•pus is a mixture of dead neutrophils and destroyed bacteria
    • Eosinophils
    • •involved in allergic reactions

    •increased numbers of these cells during such reactions result in eosinophilia

    •cells phagocytize antigen-antibody complexes formed in allergic responses

    •granule inclusions are toxic to parasitic worms

    •eosinophils are found particularly in the small intestine lamina propria , respiratory system (bronchi) and in the uterovaginal tract

    •eosinophils synthesize substances that inactivate histamine and leukotrienes (produced by basophils and mast cells) in order to reduce inflammatory reactions
  11. Basophils

    • •both basophils and mast cells contain granules containing heparin (anticoagulant) and histamine (vasodilator)
    • •both cell types participate in the inflammatory response to antigens

    •basophils are found in the peripheral blood circulation only; mast cells are found in connective tissue
    • Lymphocytes
    • •small lymphocytes in circulating blood are about the size of RBCs

    •large lymphocyte are activated by antigen; few in peripheral blood

    •lymphocytes enter connective tissues by diapedesis

    •these are the only leukocytes that can return to the circulation after migrating to the connective tissue

    •all lymphocytes originate in the bone marrow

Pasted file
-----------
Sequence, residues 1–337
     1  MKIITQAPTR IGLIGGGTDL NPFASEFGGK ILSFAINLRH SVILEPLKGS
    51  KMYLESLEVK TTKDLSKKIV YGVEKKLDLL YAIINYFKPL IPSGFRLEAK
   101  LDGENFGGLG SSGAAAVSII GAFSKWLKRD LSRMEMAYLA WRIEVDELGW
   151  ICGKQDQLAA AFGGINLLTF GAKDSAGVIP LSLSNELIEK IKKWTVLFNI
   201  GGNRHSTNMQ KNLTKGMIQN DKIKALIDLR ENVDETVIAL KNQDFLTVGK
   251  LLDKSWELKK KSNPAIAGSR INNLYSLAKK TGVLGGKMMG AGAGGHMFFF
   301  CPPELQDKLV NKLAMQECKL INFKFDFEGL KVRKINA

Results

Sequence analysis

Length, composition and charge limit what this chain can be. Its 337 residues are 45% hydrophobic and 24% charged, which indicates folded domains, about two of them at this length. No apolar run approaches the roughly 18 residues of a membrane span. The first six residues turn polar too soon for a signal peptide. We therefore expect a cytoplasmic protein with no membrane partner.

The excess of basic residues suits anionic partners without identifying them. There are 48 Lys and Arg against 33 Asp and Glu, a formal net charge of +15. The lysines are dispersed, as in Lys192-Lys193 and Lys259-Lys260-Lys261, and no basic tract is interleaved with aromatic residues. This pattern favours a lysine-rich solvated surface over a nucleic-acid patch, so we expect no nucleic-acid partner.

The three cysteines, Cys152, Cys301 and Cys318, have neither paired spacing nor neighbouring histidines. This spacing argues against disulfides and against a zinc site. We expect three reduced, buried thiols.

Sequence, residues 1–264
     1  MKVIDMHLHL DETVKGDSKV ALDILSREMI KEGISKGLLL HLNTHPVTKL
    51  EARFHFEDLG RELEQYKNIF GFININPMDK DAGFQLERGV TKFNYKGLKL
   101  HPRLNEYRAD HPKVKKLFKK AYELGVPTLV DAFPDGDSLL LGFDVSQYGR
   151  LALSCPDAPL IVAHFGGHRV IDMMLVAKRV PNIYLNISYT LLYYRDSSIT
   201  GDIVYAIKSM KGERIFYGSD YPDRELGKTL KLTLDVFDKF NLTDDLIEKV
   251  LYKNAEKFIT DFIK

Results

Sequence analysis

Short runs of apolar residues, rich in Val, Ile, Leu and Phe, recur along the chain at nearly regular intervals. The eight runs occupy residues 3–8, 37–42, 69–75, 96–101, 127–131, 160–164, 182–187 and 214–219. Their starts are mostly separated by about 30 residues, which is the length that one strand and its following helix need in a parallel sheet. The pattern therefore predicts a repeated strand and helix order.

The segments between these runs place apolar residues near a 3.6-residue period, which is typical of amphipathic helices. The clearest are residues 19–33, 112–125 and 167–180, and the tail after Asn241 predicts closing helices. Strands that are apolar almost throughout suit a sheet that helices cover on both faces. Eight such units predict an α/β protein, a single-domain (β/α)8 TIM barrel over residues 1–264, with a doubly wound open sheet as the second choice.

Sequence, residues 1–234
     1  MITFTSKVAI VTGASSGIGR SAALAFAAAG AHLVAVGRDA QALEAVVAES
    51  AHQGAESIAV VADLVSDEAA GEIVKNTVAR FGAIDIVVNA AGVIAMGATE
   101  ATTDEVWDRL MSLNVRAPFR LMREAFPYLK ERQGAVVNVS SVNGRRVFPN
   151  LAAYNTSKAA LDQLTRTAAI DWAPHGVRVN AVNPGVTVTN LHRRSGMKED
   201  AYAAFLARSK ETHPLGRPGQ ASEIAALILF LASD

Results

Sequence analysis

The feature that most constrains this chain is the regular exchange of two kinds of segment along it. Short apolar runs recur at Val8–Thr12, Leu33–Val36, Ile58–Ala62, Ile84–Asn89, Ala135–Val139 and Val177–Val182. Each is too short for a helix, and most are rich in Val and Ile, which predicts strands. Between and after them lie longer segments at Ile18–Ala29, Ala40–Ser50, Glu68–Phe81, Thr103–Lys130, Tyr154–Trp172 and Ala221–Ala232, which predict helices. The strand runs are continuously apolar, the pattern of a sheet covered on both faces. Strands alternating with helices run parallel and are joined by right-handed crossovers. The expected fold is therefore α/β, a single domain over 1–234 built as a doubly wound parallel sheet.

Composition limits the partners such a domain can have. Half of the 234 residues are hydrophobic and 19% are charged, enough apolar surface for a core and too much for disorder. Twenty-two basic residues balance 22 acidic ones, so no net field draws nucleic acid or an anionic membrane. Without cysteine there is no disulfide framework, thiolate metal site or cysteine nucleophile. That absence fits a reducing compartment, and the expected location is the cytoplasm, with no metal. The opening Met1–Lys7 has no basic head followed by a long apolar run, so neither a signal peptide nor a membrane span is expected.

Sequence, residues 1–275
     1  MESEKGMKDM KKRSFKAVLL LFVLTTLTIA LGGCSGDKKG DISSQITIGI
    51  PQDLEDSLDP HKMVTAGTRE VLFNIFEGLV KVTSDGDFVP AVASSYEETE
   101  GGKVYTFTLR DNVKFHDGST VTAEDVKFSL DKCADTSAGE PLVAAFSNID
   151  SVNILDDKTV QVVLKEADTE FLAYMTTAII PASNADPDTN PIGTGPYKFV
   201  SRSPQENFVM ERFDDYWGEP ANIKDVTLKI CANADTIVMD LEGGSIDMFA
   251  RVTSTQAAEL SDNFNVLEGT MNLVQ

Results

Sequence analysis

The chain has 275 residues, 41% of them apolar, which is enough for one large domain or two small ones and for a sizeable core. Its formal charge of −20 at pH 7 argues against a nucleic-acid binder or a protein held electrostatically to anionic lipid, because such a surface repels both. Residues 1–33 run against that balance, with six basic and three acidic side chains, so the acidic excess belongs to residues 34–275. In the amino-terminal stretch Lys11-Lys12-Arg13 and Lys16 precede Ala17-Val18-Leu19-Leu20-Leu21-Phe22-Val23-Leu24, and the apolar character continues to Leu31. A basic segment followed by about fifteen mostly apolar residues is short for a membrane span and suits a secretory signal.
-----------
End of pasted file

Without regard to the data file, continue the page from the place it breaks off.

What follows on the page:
•T Lymphocytes mature in the thymus gland; their function is cell-mediated immunity: to destroy antigens (foreign cells, virus-infected cells, etc.)

    •B lymphocytes leave the bone marrow as mature cells; their function is to mature into plasma cells in the connective tissue and produce antibodies for the humoral immune response

    •T and B lymphocytes are found in the spleen, lymph nodes, and lymphatic nodules of the intestines
    • Monocytes
    • •monocytes are formed in the bone marrow
    • •they transit to the connective tissue via diapedesis

    •monocytes transform into macrophages after leaving the circulatory system

    •they form Kupffer cells of the liver, alveolar macrophages of the lung, osteoclasts in bone marrow, and antigen presenting cells (APCs). APCs concentrate antigen and present it to lymphocytes during an immune response
    • Platelets
    • •aggregation of platelets occurs in response to exposure to collagen at site of tear in blood vessel wall; a plug is formed by a clump of platelets

    -blood coagulation occurs when plasma proteins react to form fibrin from fibrinogen; fibrin forms a meshwork that traps blood cells to form a thrombus

    •clot retraction: the clot shrinks in response to actin and myosin of platelets

    •clot removal occurs after the vessel is repaired

    –plasminogen activator (from the endothelium) converts plasma plasminogen into plasmin; this is an enzyme that breaks down the clot

    –hydrolytic enzymes released from lambda granules aid in the dissolution of the clot